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Grocery stores in Toronto scramble to quickly add online and delivery options

Major supermarket chains and grocery delivery services are overwhelmed with orders these days making smaller, local stores better options to stock up on necessary supplies. The problem? Many local stores don't yet offer online shopping.

But two local grocery chains, Rowe Farms and The Big Carrot, have recently launched online shopping stores with the option for delivery or contact-less pick-up.

But these stores’ online stores, while instrumental during the pandemic, weren’t actually created spur of the moment; both stores say that they had been planning these initiatives before the state of emergency shut down the city.

Jamie Cooney is CEO of Rowe Farms and says that the online shopping option had been on his radar for about a year, but that it was simply expedited by the pandemic.

“I would say probably about the 1st of February, we started to really focus our efforts on the online business,” Cooney said. “We were in the process of launching it, but when we saw what was happening to the marketplace, we just knew we had to double down and get something launched as soon as possible.”

Laura Iamundo, the marketing manager for The Big Carrot Community Market, says they started discussing a way to accept orders online before the state of emergency began.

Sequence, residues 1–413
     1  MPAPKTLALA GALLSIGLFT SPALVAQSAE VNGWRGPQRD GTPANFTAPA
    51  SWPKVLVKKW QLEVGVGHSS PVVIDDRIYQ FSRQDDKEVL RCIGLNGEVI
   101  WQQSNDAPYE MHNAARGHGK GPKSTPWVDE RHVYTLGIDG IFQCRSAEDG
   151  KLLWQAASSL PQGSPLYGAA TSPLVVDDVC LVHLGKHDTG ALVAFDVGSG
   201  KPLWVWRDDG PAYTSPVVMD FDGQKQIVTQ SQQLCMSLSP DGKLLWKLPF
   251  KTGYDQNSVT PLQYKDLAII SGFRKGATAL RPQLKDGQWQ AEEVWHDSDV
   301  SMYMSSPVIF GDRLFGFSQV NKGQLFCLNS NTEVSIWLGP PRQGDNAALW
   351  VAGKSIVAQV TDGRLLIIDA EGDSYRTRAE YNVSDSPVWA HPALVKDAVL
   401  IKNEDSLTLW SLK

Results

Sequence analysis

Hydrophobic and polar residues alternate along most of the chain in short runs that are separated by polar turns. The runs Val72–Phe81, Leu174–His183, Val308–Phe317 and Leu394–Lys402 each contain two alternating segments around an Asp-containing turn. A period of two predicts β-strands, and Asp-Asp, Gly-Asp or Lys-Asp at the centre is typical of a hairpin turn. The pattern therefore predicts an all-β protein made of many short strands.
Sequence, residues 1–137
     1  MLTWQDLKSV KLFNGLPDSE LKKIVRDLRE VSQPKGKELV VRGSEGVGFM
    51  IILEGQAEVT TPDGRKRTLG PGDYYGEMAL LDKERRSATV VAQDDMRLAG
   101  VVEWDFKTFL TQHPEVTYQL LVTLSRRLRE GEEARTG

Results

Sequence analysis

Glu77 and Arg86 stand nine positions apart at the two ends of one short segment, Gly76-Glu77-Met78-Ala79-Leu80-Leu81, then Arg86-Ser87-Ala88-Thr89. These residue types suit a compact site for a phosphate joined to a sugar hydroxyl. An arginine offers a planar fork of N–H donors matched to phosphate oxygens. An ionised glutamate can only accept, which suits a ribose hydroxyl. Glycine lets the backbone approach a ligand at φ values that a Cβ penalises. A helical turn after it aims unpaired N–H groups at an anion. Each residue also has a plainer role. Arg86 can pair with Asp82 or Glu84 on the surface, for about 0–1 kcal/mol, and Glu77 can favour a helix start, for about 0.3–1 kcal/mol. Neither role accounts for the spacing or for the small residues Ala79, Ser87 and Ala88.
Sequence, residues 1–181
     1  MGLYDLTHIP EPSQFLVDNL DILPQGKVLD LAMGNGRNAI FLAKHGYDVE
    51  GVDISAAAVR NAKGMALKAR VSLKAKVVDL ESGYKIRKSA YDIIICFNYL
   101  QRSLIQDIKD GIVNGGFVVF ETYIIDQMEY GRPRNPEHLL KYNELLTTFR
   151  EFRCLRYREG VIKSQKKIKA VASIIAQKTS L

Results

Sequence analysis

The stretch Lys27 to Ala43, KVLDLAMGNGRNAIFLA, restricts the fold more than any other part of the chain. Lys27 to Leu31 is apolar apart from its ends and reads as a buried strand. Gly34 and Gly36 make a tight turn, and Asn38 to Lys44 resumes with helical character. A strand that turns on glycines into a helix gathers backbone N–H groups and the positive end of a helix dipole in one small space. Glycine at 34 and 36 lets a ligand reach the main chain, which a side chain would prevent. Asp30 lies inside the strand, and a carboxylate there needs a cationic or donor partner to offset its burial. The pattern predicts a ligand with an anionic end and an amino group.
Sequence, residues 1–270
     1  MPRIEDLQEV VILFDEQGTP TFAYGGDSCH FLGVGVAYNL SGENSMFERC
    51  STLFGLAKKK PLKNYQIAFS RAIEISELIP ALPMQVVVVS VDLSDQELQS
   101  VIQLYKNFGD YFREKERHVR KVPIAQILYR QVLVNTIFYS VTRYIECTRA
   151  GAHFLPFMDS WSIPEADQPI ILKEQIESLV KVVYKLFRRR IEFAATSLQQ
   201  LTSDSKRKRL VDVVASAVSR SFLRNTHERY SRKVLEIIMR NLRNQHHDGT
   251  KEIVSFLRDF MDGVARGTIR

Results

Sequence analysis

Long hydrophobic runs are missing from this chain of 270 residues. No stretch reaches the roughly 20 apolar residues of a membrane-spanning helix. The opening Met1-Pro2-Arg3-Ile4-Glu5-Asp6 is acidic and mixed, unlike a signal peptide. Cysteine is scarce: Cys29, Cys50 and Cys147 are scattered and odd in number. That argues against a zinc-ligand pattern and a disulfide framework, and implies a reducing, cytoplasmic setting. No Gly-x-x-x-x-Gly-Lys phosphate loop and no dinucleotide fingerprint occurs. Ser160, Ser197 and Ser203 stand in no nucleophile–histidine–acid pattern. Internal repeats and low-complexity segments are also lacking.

“Prior to this exploding in Toronto, we had established an emergency response committee,” Iamundo said. “We've been meeting two days a week from the beginning of March.”

Now, The Big Carrot provides shoppers with the option to create a “shopping list” on their website. Customers can fill out the list at their leisure, specifying product brands and quantities and providing any additional comments. Their orders can then be picked up curb-side at the store during an allotted time slot.

It's not quite the sophisticated system of the typical online grocery store with prices, photos and a shopping cart but it's a start.

Rowe Farms provides customers with the option to shop from their inventory of groceries and produce, and gives them the option of selecting either in-store pick-up or delivery if they live within 2 kilometres of a store.

Before the outbreak, Rowe Farms’ online shopping option was never the priority, Cooney said. “We knew essentially what the framework would look like and had started the process of piecing it together,” Cooney said. They knew that they wanted to use the Shopify platform, for example.

“But we're a neighborhood retail experience,” he went on. “And so the online business was a nice-to-have.” But now, more than a month under quarantine measures, the online business has “certainly highlighted the priority for us,” he said.

Rowe Farms’ brick and mortar stores are still open throughout the city, but under restricted hours and a limited number of people allowed inside at a time.

Before the pandemic, Rowe Farms would see its regular customers about four times a week, now Cooney says they’re coming in once a week. “And rightfully so.”

“This might be our future retail landscape for a while,” Iamundo said. “So how do we do business within this?” 

These initiatives on both these retailers’ parts raise the question of survival for stores that hadn’t planned for an emergency — will businesses that don't have online shopping and delivery platforms survive the pandemic?

It seems that only time will tell.

Lead photo by

Hector Vasquez at the Big Carrot

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